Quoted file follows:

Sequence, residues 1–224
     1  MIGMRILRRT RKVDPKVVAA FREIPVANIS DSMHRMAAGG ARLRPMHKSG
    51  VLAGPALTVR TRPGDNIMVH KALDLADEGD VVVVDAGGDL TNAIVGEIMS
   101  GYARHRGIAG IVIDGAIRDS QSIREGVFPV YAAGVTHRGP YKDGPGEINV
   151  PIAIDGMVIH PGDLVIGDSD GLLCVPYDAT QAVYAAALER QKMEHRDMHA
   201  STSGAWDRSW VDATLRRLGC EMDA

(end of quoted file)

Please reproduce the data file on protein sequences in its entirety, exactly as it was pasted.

Sequence, residues 1–224
     1  MIGMRILRRT RKVDPKVVAA FREIPVANIS DSMHRMAAGG ARLRPMHKSG
    51  VLAGPALTVR TRPGDNIMVH KALDLADEGD VVVVDAGGDL TNAIVGEIMS
   101  GYARHRGIAG IVIDGAIRDS QSIREGVFPV YAAGVTHRGP YKDGPGEINV
   151  PIAIDGMVIH PGDLVIGDSD GLLCVPYDAT QAVYAAALER QKMEHRDMHA
   201  STSGAWDRSW VDATLRRLGC EMDA